Elise Keith: It’s always more complex than you think it is. I firmly believe that the whole idea of the pivot is very naive.
Luis Magalhaes: What about not needing to pivot at all. That would be cool.
Elise Keith: That would be cool but that’s unrealistic. We don’t live in that world anymore. We’re always changing. Stop thinking that your idea is so special. That the pivot is a big deal. That’s just life.
Luis Magalhaes: Exactly. It’s just life. All right. Tell me the story of a lesson that you learned the hard way.
Elise Keith: I think the biggest hard lesson that we’ve learned is that, we’re founded as a meeting software company. Absolutely 100% committed to and believe in the power of technology to help people have better meetings, and meetings are not a technology problem. That is the lesson we learned the hard way.
Luis Magalhaes: If you had $100 to buy a tool and it can be a software tool or a physical thing for each person working for you, what would you buy them?
Elise Keith: How much do meeting owls cost? I would get them meeting owls. I think they’re more than $100.
Luis Magalhaes: What is a meeting owl? I hate owls.
Elise Keith: Meeting owls, it’s so cool. It’s this camera you put in the middle of a conference table and it has a microphone on it. It does a 360 camera and when you’re on something like a Zoom call, it will focus in on the different people.
Luis Magalhaes: Do you usually have people in your team working together on the same location?
Elise Keith: Yeah, we do at the office and then all of our remote people will travel to meet with clients. If they all had an owl, they could take it with them and that would be fine.
Luis Magalhaes: Interesting. This is cool. I’ll have to research that and add the link to the show notes as well. That sounds very cool.
Elise Keith: I think it probably costs more than $100, but I’m not sure.
Luis Magalhaes: It’s fair enough. I can live with that for an interesting gadget. For yourself, what purchase that you have made in the past year or six months has made your work life easier or more productive?
Elise Keith: Books. Absolutely 100% books. Daniel Pink’s When, was an excellent purchase for me. Priya Parker’s Art of The Gathering was really illuminating in some interesting ways and challenging. A big fan of Nine Lies About Work.
Luis Magalhaes: All right, books. I love books. Books are great. You said you get them both in audio and in text, so you can make notes?
Elise Keith: Yeah. I get most of my business books in text and then I read mystery thrillers in audio.
Luis Magalhaes: Final question. If you are hosting dinner at a Chinese restaurant, and you knew that all the top execs, CTOs, founders, et cetera, in Silicon Valley were attending for a round table on remote work, what would be the message that you would have put inside the fortune cookies?
Elise Keith: Interesting.
Luis Magalhaes: That’s the message? Are you talking about the question?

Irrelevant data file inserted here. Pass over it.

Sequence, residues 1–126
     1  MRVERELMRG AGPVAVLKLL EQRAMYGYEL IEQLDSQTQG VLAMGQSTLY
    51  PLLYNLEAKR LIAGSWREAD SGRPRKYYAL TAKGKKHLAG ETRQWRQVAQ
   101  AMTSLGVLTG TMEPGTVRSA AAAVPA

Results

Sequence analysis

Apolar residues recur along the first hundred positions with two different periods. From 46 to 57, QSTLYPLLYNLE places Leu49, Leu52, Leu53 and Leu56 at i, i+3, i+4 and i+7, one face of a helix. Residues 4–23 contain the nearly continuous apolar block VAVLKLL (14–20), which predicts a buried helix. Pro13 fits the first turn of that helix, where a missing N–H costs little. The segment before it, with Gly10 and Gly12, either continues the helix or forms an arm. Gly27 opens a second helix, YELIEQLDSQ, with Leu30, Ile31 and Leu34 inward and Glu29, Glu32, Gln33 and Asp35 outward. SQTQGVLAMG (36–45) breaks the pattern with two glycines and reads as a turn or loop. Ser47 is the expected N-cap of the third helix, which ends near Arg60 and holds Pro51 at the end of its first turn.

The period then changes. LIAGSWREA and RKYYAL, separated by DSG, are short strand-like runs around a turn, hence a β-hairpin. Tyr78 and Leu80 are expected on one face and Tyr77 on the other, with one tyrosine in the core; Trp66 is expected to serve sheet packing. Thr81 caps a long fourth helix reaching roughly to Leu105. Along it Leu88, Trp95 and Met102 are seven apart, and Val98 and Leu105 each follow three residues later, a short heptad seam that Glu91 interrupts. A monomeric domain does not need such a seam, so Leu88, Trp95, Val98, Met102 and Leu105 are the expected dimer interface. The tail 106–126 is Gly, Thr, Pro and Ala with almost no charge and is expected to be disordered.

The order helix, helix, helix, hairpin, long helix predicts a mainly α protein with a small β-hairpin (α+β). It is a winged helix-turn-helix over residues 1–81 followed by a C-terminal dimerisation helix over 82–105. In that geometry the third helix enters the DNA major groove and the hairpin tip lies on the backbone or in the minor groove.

Elise Keith: No, the question. The question is interesting. I find it challenging because I assume most of them are already bought into remote work.
Luis Magalhaes: You’d be surprised.
Elise Keith: You think they aren’t. I live in Portland and we have so many people in our area who actually work for Silicon Valley companies.
Luis Magalhaes: Nice.
Elise Keith: But live here. We’re a bedroom community for the other big tech folks. Though it hadn’t occurred to me that they weren’t ready. I guess the cookie message would be, get with it folks.
Luis Magalhaes: That’s always a good message. Thank you so much. This was a pleasure. Thank you so much for your time and for the conversation. When our listeners would like to continue the conversation with you, how can they reach you?
Elise Keith: Everything you need to know about me is on our website at lucidmeetings.com and then on my personal website at jelisekeith.com. I’m on Linkedin. I can be contacted by email. Everything except Twitter, which I think is not a good, healthy place for conversations. So, anything except Twitter.
Luis Magalhaes: I have a harsh history with Twitter myself.
Elise Keith: Twitter is a harsh place. We’re a positive kind of company, so we spend less time talking there. But on Linkedin, on our website, happy to tap by email.
Luis Magalhaes: It’s great. Elise again, thank you so much for being around. Thank you so much for all the work that you’ve put in for free. Besides the book that I couldn’t get to, but all the great content that you’ve put out there, there are some really meaty posts, especially on the Lucid Meetings website that I honestly think that everyone should read. I had a blast going through them. Thank you so much for that and thank you so much for this conversation.
Elise Keith: Thank you for having me. It’s been a lot of fun.
Luis Magalhaes: We close another episode of the DistantJob podcast and if you enjoyed the episode, please, you can help us out by sharing it on social media. That would be great. It’s how we reach more listeners and the more listeners we have, the more awesome guests I can get in touch and convince to participate in these conversations that are a joy to have for me and I hope they’re a joy for you to listen to as well. You can also help a lot leaving reviews on iTunes or your podcast syndication service of choice.
Reviews are surprisingly helpful in helping the podcast get to have more listeners. Now, another thing that you might want to do, is go to distantjob.com/blog/podcast click on your favorite episode, any episode really, and subscribe. By subscribing, you will get a notification whenever a new episode is up and whenever we get the transcripts of the episode up so you can actually peruse the conversations in text form.
Of course, if you need to find a great employee for your team, a great remote employee, you should take the whole world into consideration and not just look to hire locally. Not just look to hire in your country, look around the whole world because that’s the talent pool that contains the best talent. To help you with that, again, distantjob.com is the perfect place to start. You will tell us who you need and we will make sure that you get the best possible candidate 20% faster than the industry standard. With that, I bid you [inaudible 00:50:54]. See you next week on the next episode.